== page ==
It’s a frenetic time in Australian hospitals. After two years of COVID-19 suppression strategies, our borders, our country, and our lives, have opened up again. However, these newfound freedoms have resulted in the deadly Omicron wave. Our hospitals have been working tirelessly to treat those with severe COVID, and we couldn’t be more grateful to them.
But there’s something else that has happened over the last few weeks. Something with little fanfare, that you’re unlikely to read about in the newspapers. Something that is essential to the future of healthcare, and our hospitals’ ability to provide care during this, and any future, pandemics.
The commencement of graduate clinicians.
After years of hard work and study, sacrifice, and dedication, at the end of last year thousands of nursing, medical, and allied health students walked across a stage, shook hands, and received a certificate.
And for these fresh faces, the theory is about to get very, very practical.
Each year, thousands of clinicians start working in the hospital environment for the very first time. Having only done placements before, they now need to step up, shoulder a massive responsibility, and care for their communities.
You might be wondering why we’re talking about this on a Clinical Documentation Improvement blog.
The answer is the poorly documented elephantiasis in the room.
I can certainly speak for myself, and many of my colleagues, when I say that clinical documentation is taught poorly, if at all, during medical school. Talking to nursing and allied health friends, the situation in their degrees isn’t any better.
For medical students, the most common way to learn documentation is having a paper chart thrown at you during a ward round. Someone says, “write the notes and I’ll counter sign it”. You do your best to hold this weighty tome, follow the consult, and document what you think is important.
If you’re lucky, your hospital has a digital record, and, instead of having a chart thrown at you, you have a workstation on wheels propelled forcefully in your direction, like a trolley pushed through an empty carpark towards the trolley bays.
So if we step back and think about it, we have thousands of new clinicians starting in our hospitals, who all have almost no knowledge of the importance of documentation for patient safety, hospital funding, and data integrity. If no-one intervenes, these young practitioners will absorb the documentation culture of the hospital. Who knows how many thousands of dollars will be lost as a result? How much data skewed? How many adverse events caused?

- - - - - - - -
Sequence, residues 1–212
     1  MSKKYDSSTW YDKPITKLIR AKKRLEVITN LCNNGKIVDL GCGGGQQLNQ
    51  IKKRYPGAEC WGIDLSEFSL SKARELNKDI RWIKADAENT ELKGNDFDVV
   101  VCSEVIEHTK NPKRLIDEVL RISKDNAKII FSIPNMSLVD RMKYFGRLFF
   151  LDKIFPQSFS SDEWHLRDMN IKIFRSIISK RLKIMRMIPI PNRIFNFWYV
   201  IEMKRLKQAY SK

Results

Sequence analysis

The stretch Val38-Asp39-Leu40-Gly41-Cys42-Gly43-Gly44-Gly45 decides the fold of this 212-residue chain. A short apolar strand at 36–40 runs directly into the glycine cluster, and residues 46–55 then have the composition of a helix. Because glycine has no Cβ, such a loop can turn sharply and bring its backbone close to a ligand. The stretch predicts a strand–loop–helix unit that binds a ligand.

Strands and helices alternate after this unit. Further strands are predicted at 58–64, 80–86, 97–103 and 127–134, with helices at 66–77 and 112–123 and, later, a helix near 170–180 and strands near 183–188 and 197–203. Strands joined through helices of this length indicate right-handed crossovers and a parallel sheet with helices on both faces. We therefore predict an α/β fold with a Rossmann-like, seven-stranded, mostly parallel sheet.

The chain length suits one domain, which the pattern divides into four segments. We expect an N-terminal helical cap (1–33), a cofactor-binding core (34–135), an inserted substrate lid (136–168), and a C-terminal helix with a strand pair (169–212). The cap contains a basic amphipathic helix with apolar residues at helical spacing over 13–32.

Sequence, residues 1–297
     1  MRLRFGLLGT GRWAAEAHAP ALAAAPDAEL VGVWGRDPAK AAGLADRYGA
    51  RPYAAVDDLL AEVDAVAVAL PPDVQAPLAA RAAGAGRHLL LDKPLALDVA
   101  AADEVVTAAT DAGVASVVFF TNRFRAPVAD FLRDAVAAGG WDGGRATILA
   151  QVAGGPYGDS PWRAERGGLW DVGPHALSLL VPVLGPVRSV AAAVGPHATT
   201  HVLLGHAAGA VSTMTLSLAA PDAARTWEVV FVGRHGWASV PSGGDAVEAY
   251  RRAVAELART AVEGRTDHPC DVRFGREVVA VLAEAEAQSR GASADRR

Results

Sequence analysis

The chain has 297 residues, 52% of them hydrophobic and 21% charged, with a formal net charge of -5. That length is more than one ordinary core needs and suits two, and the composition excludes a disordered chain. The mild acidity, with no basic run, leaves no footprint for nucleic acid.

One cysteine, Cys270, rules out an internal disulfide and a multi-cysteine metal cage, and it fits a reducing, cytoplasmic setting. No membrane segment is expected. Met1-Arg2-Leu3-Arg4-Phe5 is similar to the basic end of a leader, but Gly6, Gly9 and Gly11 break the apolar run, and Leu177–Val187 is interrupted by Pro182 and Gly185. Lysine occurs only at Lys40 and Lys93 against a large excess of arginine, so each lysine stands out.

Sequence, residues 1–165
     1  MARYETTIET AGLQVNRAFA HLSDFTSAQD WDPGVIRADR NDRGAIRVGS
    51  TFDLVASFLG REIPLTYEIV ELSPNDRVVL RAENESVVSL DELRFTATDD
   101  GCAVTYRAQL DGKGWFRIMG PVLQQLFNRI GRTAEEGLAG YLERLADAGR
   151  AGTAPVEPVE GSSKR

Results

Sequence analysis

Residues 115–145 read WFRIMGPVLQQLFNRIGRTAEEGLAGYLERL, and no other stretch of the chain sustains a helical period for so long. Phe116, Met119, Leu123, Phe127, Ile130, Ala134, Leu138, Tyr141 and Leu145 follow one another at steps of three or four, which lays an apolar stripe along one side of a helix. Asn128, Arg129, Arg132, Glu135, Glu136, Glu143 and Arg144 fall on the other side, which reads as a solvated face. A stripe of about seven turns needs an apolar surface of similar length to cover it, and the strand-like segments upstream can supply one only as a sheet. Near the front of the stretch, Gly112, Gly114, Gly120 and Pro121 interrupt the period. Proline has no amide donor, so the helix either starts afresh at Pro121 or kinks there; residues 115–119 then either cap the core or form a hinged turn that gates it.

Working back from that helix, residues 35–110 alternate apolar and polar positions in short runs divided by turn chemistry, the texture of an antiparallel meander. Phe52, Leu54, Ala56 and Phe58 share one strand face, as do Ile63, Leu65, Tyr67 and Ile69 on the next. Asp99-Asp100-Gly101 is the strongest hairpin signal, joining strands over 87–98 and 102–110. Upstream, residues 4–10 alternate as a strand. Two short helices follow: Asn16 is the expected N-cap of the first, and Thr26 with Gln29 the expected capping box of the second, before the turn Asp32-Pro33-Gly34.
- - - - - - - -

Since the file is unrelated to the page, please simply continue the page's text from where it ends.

We’ve all heard the adage “start as you mean to continue”. Use this fantastic opportunity to have these new clinicians document well from the get-go. This time is a fantastic opportunity to educate interns, graduate nurses, and new allied health practitioners on the importance of their clinical documentation.
For now, just start with the basics. Give them an overview of how casemix funding works. Interns will be a lot keener to do their discharge summaries if they know they’re essentially funding the hospital! Ensure they understand the importance of an accurate Principal Diagnosis, and that they know the implications of the order of diagnoses on the discharge summary.
Let them know who the clinical coders are! That there is a whole team of fantastic people who will read every single word they write (scary!) and assign diagnosis and procedure codes.
Explain to them that, for diagnoses to be coded, they need to be specifically documented and linked to the treatment, diagnostic procedure, or increased clinical care.
Make sure they know what your role is, how it works, and why you’ll be approaching them to have clinical discussions.
This essential information on clinical documentation will set them up for success.
But we know that a single education session at the beginning of the year simply can’t effect behavioural change. Remember that these new clinicians are being bombarded with new information in their first few weeks.
Follow up with regular education, both formal and informal, throughout the year. Let them know that you are there for them to guide them and answer any questions they may have. Better yet, accompany them on ward rounds and empower them to ask their seniors for diagnoses and specificity.
To take a slightly different approach, also be there for them as a person.
For all new clinicians, the first year of working clinically is a difficult one. Seeing a friendly face could be the difference between someone finishing their intern year and achieving general registration, or not.
I found my intern year incredibly tough. A steep learning curve, the exhaustion of shift work, and a sometimes crushing sense of responsibility made it a year I’ll never forget. I can’t even imagine what it’s like for those entering the workforce during Australia’s biggest COVID wave.
So for these Healthcare Heroes, the newest on the block, let’s support them, guide them, but, importantly, make them excellent, excellent documenters.
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